In listening for God’s word to you in Holy Scripture, always check the context of a verse that comes to your attention. There is a potentially dangerous promise in Psalm 37:4 that almost invites us to misunderstand it. It says, “Delight yourself in the LORD, and he will give you the desires of your heart.” But bear this in mind; the Lord, in His love and holiness, knows the desires of your heart and he knows better than you the danger that some of your desires would reap. In order to understand this particular verse, you have to read it in the context of the rest of the Psalm, and in the larger context of Holy Scripture.
There is the story of the old woman who had a not uncommon devotional custom. She would close her eyes, open the bible at random, and place her finger somewhere on the page, open her eyes and read God’s word for her that day. After all, she heard that it worked once for St. Augustine, so it ought to work for her. At the turning point of Augustine’s conversion, he heard children’s voices chanting “Lift! Look!” He rushed to take up “the book of the Apostle” and read the first verse his eyes fell upon and his life was forever changed.
But the old woman was not St. Augustine. She closed her eyes, opened her bible, put her finger on the page, opened her eyes and read that Judas, “went and hanged himself.” Not finding that particularly edifying she tried the same method again, and read, “You go, and do likewise." She gave God another chance to speak, closed her eyes, opened her bible, put her finger on a text, opened her eyes and read, “What you are going to do, do quickly."
If you want God to speak to you through Holy Scripture read systematically by reading His word in the appointed Psalms and the lectionary readings of the Daily Office; or if you are reading Scripture apart from the Offices, read it systematically, not haphazardly. Don’t just read a verse or a paragraph, read the whole chapter, or the whole epistle, or the whole book. And if you really want to know for yourself what God is saying, read the whole Bible and see the larger context. It is also helpful to consult a good commentary. For that purpose, I recommend: http://biblehub.com/commentaries/.
Does God promise willy-nilly whatever our hearts desire if we delight in Him? Familiarize yourself with the context of the verse that has drawn your attention and check the overall teaching of Holy Scripture on the subject. The promise in Psalm 37:4 is for those who delight in the Lord, and not in themselves. That immediately saves a lot of trouble. The Apostle John says, “And this is the confidence that we have toward him, that if we ask anything according to his will he hears us. And if we know that he hears us in whatever we ask, we know that we have the requests that we have asked of him” [1 John 5:14-15]. As much as I might like an Aston Martin One-77 it may not be God’s will for me have one; especially seeing that the cost is $1.85 Million.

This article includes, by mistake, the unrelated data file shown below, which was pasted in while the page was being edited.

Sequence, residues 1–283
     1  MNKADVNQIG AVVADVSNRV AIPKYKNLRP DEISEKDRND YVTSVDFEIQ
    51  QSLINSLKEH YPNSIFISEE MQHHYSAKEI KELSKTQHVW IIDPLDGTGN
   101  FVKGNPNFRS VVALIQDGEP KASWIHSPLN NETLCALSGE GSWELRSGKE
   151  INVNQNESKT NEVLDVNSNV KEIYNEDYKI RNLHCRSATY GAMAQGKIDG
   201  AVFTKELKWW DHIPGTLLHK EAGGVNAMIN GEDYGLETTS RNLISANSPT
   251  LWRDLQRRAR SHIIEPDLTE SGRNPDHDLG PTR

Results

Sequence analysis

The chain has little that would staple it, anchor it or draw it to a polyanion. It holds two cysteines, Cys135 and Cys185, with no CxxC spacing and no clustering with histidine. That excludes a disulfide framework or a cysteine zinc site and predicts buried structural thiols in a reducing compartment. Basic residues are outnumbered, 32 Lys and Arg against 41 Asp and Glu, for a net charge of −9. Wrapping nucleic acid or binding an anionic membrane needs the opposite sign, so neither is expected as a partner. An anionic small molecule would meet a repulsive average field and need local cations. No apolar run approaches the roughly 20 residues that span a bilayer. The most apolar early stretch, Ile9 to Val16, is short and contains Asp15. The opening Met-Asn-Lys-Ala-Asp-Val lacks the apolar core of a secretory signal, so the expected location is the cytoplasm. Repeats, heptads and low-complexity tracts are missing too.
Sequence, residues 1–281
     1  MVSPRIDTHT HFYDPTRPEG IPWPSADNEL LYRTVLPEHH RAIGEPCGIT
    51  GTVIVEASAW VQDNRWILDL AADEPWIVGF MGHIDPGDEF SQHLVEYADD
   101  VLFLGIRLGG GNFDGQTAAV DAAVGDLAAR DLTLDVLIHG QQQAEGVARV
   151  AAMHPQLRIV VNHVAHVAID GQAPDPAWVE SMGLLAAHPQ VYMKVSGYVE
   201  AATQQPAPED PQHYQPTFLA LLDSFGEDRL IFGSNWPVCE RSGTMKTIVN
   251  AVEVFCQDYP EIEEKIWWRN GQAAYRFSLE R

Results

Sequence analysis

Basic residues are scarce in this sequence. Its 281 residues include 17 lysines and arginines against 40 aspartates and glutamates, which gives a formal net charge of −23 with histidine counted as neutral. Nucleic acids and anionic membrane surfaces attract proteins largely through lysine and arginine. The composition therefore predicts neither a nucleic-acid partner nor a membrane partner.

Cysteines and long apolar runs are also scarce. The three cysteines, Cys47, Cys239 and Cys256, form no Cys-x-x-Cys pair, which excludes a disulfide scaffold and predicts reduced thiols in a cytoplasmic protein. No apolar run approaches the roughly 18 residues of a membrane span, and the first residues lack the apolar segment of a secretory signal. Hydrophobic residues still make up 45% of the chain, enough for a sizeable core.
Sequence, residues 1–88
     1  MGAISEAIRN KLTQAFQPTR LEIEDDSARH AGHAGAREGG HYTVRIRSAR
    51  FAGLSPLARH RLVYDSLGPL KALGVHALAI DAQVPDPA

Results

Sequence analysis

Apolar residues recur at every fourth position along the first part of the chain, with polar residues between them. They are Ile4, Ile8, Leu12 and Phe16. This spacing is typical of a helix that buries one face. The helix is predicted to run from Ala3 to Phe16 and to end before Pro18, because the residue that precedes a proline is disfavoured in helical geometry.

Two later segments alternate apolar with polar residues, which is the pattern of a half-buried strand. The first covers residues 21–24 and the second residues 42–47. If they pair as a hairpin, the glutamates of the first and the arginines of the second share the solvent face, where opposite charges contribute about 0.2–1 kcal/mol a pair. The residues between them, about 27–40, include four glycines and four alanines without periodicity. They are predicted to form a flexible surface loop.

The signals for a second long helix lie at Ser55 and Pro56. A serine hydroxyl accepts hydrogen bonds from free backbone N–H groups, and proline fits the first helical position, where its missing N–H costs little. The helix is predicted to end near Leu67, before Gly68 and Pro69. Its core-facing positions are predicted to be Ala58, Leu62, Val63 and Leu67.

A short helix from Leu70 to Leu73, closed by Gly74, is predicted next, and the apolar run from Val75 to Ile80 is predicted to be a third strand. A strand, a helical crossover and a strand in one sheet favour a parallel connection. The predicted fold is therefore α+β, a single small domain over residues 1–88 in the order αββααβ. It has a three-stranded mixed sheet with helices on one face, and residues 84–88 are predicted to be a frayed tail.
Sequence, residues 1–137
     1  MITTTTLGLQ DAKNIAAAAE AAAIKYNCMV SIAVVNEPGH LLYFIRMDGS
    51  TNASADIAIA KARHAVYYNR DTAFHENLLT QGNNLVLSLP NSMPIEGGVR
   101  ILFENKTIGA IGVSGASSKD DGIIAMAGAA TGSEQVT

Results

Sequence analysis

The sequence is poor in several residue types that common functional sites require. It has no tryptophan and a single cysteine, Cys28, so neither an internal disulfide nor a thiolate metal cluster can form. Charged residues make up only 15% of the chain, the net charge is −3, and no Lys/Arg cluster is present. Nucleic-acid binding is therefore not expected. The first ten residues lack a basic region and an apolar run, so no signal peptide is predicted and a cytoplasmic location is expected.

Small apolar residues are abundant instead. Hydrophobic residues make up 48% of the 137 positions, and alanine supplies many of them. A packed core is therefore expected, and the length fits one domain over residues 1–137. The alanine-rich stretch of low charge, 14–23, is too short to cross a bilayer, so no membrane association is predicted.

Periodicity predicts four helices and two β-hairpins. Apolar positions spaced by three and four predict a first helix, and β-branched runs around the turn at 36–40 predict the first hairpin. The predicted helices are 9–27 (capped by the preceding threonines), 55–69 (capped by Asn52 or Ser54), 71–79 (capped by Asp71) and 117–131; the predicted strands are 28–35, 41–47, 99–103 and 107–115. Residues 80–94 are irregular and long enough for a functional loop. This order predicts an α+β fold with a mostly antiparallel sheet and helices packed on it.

What is the context of our promise, “Delight yourself in the LORD, and he will give you the desires of your heart”? This Psalm was written for those who are suffering at the hands of the wicked, and its counsel and its promises should be understood in that context. It begins, “Fret not yourself because of evildoers; be not envious of wrongdoers! For they will soon fade like the grass and wither like the green herb. Trust in the LORD, and do good; dwell in the land and befriend faithfulness” [Psalm 37:1-3]. If that is your situation “Delight yourself in the LORD, and he will give you the desires of your heart.” But hear also both the immediate and larger context of this Psalm,
“Commit your way to the LORD; trust in him, and he will act. He will bring forth your righteousness as the light, and your justice as the noonday. Be still before the LORD and wait patiently for him; fret not yourself over the one who prospers in his way, over the man who carries out evil devices! Refrain from anger, and forsake wrath! Fret not yourself; it tends only to evil” [Psalm 37:5-8].
The Psalm has several similar promises, among them, “For the evildoers shall be cut off, but those who wait for the LORD shall inherit the land” [Psalm 37:5-9].